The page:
When it comes to sharing personal information online, Americans are no longer willing to accept the status quo of how businesses handle their personal data, according to a study for AU10TIX by Wakefield Research. While consumers are willing to share their personal information, the vast majority (86%) believe that businesses ask for too much in exchange for tangible benefits, while nearly as many (81%) feel they have lost control over their personal data once it’s shared.
Coupled with the fact that nearly two out of three Americans believe online threats are growing faster than businesses and organizations can keep up, it’s not surprising that more than half of consumers (51%) are worried that their personal information may fall into the wrong hands. For plenty of people, it’s more than just a suspicious interaction. In fact, 44% of consumers have been victims of personal data theft themselves. As a result, nearly two-thirds (64%) of respondents said that the potential risks they face by providing too much personal data outweigh the benefits of doing business.
“We are on the cusp of a new era that will be defined by who controls data. For the past two decades, companies have been gathering tremendous amounts of data on people’s preferences, habits, and identities, transaction by transaction, often without customers understanding what is happening,” says AU10TIX CEO Carey O’Connor Kolaja. “Lines are now converging towards a clear endpoint where individuals will soon demand to exercise full control over their personal data and for businesses to step up and take more responsibility to safeguard and protect the information that they do collect from consumers.”
Amongst the key findings are:
• A shift in consumer preference for security over convenience. Particularly given that Americans overwhelmingly (77%) place the responsibility of safeguarding the information they do share on the business or organization asking for it, there is a shift underway in consumer preference for security and control over convenience. Because of mounting concerns about the security of personal information, 67% of consumers are willing to sacrifice their convenience to keep their data locked down. More than 9 in 10 (92%) Americans said they would be willing to use some sort of security measure when gaining access to the organizations and services they interact with.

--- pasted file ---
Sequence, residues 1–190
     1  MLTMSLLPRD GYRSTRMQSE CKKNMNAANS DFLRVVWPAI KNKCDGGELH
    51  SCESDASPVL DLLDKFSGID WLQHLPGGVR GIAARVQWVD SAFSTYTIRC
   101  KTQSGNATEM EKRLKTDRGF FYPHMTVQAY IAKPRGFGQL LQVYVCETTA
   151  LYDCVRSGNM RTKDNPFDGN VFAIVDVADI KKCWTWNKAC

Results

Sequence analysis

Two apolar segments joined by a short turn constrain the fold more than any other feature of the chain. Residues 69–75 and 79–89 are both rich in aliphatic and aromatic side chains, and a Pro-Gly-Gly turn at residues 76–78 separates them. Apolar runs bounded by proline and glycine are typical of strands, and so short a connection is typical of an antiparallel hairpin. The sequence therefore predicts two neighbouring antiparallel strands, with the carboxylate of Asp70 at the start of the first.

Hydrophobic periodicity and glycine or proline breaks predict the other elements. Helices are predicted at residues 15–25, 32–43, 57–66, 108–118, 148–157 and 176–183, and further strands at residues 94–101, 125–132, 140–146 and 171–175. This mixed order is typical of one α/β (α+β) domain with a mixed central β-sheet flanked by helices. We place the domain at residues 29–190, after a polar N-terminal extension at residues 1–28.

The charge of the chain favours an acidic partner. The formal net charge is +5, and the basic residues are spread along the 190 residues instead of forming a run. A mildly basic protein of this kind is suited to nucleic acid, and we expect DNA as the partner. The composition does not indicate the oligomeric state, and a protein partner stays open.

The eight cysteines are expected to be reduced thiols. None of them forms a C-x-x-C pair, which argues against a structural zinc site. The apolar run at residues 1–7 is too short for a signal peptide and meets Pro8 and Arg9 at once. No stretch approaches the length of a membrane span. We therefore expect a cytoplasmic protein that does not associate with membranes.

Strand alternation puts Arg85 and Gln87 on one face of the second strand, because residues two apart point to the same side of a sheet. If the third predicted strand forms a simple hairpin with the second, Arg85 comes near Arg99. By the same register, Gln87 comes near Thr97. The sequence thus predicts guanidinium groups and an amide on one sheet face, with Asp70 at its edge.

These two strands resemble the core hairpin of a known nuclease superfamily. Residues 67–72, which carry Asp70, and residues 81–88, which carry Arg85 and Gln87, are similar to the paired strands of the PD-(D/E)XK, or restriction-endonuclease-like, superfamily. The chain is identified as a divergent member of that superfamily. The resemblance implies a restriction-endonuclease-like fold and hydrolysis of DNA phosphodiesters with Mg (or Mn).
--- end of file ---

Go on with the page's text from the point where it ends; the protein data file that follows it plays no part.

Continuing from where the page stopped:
• The new rules of data and corporate responsibility. The study also illustrated U.S. consumer attitudes towards security, prevention and recovery efforts, revealing significant expectations of businesses’ anti-fraud measures. Nearly all Americans (97%) expect some sort of action from the business or organization that suffered the breach; most (70%) believe businesses should alert all current customers in the event of a breach. Nearly as many (69%) say businesses that experience a breach that exposes customer data have a responsibility to help victims recover identities stolen.
• Trust over transaction is the new data imperative. More than four in five Americans (81%) believe there is a lack of transparency in how businesses utilize personal information shared by consumers. Data privacy laws have been passed in some states while others have not yet set out clear boundaries and laws for handling consumer data. This is giving companies more freedom to do what they want with consumer data. Given growing concerns over data privacy, now is the time for businesses to nurture consumer appetite to protect their personal information and conduct safer transactions. The new data imperative calls for businesses to not only educate consumers about how their data is being used but also provides people with greater choice over what and how they share personally identifiable information.